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Campaign 2008: "A Lesson about Science from Abraham Lincoln"
Alan I. Leshner
Thomas Jefferson was a scientist-statesman, and Abraham Lincoln could talk with easy eloquence about scientific issues of concern in his time. Today, as we approach an era of unprecedented discovery and challenge, presidential candidates must provide scientific leadership, writes AAAS Chief Executive Officer Alan I. Leshner.
In a commentary published Tuesday 4 September in the Des Moines Register, Leshner notes that many of the most urgent issues of our time are science-related—from climate change and energy needs to science and technology education. But thus far in the 2008 presidential campaign, those issues are almost invisible, he wrote.
"While some of the candidates have developed detailed positions on science and technology, their ideas get little play in the campaign," Leshner wrote in Iowa’s biggest newspaper. In nearly a dozen debates, "the treatment of science-related issues has ranged from superficial to non-existent. The questions, when asked, are often simplistic. They’re often directed at a single candidate. And the answers are never more than a soundbite."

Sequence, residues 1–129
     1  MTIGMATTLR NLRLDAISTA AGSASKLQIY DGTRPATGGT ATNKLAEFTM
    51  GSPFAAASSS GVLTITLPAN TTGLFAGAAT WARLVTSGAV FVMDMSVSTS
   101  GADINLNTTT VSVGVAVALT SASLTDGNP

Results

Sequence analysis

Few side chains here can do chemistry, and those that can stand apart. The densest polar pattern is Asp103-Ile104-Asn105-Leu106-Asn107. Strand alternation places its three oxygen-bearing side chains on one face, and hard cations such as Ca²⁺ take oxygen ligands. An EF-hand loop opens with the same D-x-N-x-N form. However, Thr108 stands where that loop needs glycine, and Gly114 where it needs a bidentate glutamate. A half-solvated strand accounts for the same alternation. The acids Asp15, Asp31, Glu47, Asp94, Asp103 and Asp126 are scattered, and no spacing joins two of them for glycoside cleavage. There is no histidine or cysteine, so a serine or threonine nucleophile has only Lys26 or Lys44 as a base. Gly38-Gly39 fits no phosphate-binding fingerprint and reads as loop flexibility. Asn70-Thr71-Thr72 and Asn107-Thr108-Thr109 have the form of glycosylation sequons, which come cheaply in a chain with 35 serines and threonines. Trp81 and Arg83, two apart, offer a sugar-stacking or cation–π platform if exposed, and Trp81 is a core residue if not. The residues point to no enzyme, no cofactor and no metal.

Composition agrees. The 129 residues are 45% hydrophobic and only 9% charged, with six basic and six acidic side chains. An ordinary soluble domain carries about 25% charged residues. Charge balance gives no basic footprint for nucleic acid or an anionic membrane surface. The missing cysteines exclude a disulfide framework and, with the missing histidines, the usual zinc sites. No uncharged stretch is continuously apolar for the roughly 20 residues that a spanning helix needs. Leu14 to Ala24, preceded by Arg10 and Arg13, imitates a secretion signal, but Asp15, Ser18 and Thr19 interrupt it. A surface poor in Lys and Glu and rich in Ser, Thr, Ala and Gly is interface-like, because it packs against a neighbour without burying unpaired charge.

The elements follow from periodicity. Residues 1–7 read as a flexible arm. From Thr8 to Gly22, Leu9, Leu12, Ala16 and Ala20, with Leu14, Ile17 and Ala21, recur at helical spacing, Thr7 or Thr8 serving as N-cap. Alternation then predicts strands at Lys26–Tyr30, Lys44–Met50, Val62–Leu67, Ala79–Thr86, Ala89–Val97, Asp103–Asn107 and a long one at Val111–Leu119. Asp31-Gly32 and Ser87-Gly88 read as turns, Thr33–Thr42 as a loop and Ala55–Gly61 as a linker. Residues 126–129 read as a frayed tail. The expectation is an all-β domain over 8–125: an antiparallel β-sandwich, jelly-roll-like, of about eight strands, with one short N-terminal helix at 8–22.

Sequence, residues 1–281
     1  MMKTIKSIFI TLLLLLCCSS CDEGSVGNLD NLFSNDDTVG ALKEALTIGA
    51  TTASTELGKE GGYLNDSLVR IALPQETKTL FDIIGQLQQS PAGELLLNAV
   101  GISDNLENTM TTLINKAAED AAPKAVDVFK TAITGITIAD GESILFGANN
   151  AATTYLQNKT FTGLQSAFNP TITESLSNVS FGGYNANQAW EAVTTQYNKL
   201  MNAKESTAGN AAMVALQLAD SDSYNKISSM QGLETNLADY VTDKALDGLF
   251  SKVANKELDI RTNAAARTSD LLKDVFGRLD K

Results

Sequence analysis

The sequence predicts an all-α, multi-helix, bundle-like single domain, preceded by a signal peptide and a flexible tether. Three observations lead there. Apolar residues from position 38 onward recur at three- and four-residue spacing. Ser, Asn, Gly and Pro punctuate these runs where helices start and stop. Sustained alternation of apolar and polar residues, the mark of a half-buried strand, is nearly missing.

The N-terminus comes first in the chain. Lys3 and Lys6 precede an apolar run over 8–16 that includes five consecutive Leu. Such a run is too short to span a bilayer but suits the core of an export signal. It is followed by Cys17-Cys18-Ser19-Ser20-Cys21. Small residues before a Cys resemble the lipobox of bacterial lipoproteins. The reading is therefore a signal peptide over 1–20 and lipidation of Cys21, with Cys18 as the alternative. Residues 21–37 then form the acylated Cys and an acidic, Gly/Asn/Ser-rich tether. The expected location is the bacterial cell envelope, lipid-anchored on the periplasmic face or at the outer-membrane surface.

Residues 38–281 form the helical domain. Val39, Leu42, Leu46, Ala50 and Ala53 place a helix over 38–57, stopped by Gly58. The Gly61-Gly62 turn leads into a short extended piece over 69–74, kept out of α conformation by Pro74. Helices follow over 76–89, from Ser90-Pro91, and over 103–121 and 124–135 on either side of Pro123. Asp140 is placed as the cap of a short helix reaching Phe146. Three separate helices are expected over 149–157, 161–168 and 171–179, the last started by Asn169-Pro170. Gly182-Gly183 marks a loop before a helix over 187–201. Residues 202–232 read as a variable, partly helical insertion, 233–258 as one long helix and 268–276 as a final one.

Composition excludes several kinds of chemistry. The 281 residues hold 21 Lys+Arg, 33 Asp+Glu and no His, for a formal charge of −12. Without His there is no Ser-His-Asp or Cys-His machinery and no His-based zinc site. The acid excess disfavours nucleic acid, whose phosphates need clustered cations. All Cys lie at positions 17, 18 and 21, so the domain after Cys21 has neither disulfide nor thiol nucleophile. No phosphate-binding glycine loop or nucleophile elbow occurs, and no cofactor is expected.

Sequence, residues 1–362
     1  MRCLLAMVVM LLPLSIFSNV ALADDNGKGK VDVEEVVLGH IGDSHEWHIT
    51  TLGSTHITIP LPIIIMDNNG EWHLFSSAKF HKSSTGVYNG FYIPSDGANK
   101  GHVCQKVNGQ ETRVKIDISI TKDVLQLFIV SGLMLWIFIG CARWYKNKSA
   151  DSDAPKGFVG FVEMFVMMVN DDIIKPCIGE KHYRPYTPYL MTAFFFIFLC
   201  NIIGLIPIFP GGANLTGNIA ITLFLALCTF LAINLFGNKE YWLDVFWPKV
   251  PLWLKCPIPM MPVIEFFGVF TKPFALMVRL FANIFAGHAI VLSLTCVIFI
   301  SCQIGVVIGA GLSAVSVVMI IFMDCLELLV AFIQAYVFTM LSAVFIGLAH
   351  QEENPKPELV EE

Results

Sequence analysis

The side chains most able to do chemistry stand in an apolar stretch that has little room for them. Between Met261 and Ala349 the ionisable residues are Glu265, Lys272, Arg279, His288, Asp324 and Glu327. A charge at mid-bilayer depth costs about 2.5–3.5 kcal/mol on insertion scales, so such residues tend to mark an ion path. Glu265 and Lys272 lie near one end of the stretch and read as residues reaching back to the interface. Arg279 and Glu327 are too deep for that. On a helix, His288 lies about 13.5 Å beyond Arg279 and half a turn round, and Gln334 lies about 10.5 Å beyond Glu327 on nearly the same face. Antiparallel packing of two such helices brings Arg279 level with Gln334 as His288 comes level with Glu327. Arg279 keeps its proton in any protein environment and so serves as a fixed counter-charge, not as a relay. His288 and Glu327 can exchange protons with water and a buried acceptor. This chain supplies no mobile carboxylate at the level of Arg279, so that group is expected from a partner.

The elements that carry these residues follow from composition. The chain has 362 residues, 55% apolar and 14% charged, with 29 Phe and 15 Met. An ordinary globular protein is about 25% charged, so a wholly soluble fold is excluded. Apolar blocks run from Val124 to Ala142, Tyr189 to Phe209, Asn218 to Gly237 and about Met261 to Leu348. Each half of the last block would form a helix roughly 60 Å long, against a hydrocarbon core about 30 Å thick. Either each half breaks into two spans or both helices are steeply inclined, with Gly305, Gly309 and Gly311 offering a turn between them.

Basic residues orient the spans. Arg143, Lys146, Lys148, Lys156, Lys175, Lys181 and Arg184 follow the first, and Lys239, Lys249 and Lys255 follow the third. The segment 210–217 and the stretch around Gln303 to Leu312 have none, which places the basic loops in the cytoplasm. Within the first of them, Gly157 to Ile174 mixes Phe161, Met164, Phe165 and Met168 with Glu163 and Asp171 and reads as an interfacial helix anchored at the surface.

As Labor Day historically signals the unofficial start of the election season, the nation will focus on Iowa as most of the Republican and Democratic candidates are expected to invest significant blocs of time and money there in the months preceding the 14 January Iowa caucus.
"We use our presidential campaigns to assess candidates’ vision in economic matters, domestic policy, national security and global affairs," Leshner wrote. "It stands to reason that, as we embark on a century of unprecedented scientific discovery and technological development, the campaign also should help us gauge the candidates’ readiness to lead as we negotiate the opportunities and challenges ahead."
Edward W. Lempinen
04 September 2007